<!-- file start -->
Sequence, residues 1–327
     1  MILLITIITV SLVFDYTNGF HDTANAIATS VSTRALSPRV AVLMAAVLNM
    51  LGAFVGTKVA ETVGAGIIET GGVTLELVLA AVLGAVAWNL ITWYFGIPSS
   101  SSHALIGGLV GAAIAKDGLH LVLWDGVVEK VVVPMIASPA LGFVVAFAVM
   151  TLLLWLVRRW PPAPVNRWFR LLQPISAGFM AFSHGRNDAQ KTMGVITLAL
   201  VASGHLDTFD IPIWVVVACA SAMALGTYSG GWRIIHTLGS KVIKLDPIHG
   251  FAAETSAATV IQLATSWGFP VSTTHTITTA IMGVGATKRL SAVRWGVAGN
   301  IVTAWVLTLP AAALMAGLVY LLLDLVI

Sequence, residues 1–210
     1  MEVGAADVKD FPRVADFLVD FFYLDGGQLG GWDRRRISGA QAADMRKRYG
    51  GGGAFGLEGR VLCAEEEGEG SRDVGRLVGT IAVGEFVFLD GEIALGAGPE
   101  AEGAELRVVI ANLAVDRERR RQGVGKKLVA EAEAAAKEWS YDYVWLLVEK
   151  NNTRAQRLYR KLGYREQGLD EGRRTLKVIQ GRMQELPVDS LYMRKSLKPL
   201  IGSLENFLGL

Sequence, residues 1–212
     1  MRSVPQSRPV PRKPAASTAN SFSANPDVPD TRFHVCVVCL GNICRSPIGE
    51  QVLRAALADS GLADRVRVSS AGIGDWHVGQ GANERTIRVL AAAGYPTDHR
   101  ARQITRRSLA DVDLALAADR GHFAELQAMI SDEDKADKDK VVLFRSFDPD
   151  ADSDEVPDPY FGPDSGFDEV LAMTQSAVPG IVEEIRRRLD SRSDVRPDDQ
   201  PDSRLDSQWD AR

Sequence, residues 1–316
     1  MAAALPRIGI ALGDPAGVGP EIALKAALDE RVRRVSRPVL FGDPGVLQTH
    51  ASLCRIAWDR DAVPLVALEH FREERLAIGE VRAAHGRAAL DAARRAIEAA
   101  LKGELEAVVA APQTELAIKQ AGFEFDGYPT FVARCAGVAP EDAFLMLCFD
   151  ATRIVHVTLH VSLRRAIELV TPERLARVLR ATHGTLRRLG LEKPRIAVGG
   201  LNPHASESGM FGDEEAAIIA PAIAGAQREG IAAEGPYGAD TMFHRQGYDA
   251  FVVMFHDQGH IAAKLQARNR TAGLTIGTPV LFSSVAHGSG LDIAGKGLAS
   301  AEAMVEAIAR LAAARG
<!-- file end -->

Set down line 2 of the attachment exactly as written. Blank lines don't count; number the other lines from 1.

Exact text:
     1  MILLITIITV SLVFDYTNGF HDTANAIATS VSTRALSPRV AVLMAAVLNM